So, you’ve made it through the first round of interviews for your dream job — or maybe you’ve made an initial pitch to a prospective new client and now it’s time to close the deal. You want the job, and are more than qualified for it. But is that enough?
Think about the Ivy League college application process where most applicants are qualified but only a fraction are selected. In this case, even though you’ve already proven you have experience and the knowledge to knock the job duties out of the park, closing the deal can come as a challenge.
Fortunately, the very skills that will keep finance and accounting professionals relevant in the digital age can win over your potential employer or client who may be on the fence about selecting you. Beating out the competition isn’t just about your ability to outdo them with the technical aspects of the job. Are your human skills up to par?
Here are 4 human intelligence skills that can help you close any deal.
Leadership and self-confidence
People trust those that know what they’re doing – those who are confident. You know what to do because you’ve trained for it, but do you believe that you’re good at it? When you walk into any meeting it’s important to trust in your own ability to deliver. This sense of self-trust is one that any business partner will pick up on. On paper you look great, but if you don’t believe in your ability to deliver, the client/employer will sense it.
Also, remember there’s a fine line between arrogance and confidence. Your ability to stay on the right side of that line is crucial to demonstrating good leadership qualities. Be a confident leader. Even if servant leadership is more your lane, stand tall in that identity. Confidence is attractive and leaves room for human error and growth, while arrogance can breed disdain and potentially unrealistic expectations.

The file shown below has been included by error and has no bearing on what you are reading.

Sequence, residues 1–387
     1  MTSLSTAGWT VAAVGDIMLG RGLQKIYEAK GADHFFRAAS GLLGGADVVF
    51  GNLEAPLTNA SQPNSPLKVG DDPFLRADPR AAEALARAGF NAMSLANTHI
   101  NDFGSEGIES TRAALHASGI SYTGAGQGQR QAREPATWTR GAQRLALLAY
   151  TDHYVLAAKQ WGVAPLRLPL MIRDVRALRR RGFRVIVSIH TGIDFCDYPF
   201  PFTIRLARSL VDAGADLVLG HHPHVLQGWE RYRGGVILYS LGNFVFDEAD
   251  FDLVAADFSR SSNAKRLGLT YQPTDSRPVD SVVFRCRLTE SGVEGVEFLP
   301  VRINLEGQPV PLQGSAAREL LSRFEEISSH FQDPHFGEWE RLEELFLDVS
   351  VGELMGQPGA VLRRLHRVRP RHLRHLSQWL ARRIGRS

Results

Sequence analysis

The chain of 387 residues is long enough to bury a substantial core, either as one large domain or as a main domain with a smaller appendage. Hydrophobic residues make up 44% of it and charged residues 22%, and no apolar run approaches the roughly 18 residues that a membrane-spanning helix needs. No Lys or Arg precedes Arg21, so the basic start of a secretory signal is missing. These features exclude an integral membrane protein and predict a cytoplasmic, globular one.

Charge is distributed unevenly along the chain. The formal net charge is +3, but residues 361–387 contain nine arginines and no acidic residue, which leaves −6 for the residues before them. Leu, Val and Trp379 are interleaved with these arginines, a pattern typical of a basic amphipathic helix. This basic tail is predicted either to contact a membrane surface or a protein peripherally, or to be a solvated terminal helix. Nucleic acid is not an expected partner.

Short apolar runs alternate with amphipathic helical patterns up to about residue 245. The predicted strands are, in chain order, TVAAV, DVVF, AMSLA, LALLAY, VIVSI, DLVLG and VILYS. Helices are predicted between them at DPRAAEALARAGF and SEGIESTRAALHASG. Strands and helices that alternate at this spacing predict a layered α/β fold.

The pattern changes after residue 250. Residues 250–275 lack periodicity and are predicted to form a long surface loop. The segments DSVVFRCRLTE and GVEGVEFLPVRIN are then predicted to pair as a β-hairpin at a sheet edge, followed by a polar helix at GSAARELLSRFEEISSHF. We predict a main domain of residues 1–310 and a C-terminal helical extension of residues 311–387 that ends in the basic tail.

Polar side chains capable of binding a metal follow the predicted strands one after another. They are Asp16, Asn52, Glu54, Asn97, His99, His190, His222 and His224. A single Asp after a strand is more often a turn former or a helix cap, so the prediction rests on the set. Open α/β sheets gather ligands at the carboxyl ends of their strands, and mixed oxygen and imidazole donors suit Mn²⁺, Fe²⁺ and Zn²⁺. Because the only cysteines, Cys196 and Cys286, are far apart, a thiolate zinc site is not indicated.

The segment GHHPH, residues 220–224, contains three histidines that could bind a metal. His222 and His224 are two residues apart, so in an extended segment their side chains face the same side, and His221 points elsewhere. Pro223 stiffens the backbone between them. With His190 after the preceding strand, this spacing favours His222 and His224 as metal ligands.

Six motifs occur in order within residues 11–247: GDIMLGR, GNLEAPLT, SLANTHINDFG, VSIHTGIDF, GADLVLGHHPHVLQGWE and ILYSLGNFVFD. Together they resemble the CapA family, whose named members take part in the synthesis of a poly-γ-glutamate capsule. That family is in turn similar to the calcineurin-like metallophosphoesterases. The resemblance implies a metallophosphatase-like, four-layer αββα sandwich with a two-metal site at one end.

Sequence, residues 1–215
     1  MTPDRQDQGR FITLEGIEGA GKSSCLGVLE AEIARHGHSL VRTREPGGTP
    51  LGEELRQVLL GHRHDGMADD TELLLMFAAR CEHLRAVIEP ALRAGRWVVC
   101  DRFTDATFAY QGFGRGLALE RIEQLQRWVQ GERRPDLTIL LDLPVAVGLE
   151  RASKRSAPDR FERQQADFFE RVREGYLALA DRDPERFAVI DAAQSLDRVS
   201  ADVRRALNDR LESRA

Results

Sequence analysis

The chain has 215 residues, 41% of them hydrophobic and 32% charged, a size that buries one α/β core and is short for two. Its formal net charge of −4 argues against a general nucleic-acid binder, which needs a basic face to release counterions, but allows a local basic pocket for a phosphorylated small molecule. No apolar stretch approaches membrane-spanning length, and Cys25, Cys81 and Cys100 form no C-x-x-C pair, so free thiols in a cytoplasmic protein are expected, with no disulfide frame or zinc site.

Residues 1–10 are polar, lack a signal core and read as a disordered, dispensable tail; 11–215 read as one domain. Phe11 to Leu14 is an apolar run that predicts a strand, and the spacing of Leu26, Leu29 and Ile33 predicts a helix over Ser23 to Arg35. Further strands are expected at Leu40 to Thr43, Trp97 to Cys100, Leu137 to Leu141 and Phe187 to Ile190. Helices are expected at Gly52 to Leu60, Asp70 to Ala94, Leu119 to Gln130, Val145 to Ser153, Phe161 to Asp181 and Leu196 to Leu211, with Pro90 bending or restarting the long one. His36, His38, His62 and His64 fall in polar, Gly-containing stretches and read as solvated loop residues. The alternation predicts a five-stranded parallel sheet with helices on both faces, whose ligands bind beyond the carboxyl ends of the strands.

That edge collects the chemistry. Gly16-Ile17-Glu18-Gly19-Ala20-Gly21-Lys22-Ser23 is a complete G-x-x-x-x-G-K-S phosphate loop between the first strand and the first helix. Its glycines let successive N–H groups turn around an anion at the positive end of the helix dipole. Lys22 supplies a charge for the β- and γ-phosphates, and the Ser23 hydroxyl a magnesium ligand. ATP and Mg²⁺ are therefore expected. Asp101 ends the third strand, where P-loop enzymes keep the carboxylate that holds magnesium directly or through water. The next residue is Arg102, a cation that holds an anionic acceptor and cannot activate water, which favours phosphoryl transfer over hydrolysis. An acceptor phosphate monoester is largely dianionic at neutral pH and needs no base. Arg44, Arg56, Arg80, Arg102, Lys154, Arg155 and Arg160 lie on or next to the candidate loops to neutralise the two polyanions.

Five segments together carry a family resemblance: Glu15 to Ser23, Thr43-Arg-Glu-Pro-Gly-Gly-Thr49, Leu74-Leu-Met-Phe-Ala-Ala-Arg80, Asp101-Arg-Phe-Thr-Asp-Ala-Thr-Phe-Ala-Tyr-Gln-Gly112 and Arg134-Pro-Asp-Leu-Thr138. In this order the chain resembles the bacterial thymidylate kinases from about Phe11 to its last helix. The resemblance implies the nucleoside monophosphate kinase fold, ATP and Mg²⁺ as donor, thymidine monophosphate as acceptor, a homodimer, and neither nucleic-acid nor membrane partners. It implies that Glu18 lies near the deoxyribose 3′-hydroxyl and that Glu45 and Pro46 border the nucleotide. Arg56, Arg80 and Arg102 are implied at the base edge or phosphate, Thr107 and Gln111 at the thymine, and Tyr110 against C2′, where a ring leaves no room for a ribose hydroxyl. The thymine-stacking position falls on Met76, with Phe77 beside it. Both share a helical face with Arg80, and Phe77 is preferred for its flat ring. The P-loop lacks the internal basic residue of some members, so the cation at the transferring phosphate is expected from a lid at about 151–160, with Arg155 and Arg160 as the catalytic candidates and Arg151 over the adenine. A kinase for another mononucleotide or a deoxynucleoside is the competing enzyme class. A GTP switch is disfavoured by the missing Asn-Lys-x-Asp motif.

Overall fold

Once upon a time, you worked in a profession where number crunching was the number one desired skillset. Now, the future of accounting is in financial advising and various other kinds of decision-making. Your client or employer can’t predict everything that you’ll encounter on the job, so demonstrating that you’re a professional with the ability to problem-solve and think layers deeper than what’s at the surface makes you stand out. Not only does it show you’re competent and agile, but it will also illustrate your style – your personality.
Critical thinking is the ability and desire to question everything. Show you’re willing to think before answering questions, and to provide options, alternatives, pros and cons where relevant, and in doing so you’ll not only develop trust, but you’ll be revealing your unique way of doing things.
Sure, we’re talking business here, but business is conducted by people — human beings with emotions. You become an asset if you can understand the emotions and moods of the people around you and can adjust your communication style to support them. If you walk into an interview and the interviewer is clearly distracted or distraught over a personal situation, evaluate whether it’s appropriate to acknowledge those feelings. Often, the answer will be, “yes.”
Adjust your communication style to suit your audience. Ask yourself if you’re speaking in a manner that the audience can receive clearly. Are you relating? Are you enthusiastic about the position you’re applying to? It should be obvious. Are you too long-winded or on the contrary are you lacking detail in your responses? The way you communicate should give off anticipation and excitement to complete the job duties, while respecting the professional’s time.
Also, don’t overlook the importance of your body language. Body language is the way we send messages without saying a word, so this is not the time to send any mixed signals. Sit straight, use positive facial expressions, make eye-contact and talk with your hands. In short, act like you like them. Being that there’s truth to the mirror effect, they should reciprocate.
The ABC’s of being a professional in any respect are crucial. You must know the craft. But as time passes and we maneuver the fourth industrial revolution, the technical skills are no longer enough. Those technical skills will get you in the door, but your ability to lead, think critically, navigate emotions and communicate will close the door behind you and make sure you get invited to stay.
Mballa Mendouga, Communications – Manager, Corporation Social Responsibility & Campaigns, Association of International Certified Professional Accountants
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Originally published by AICPA.org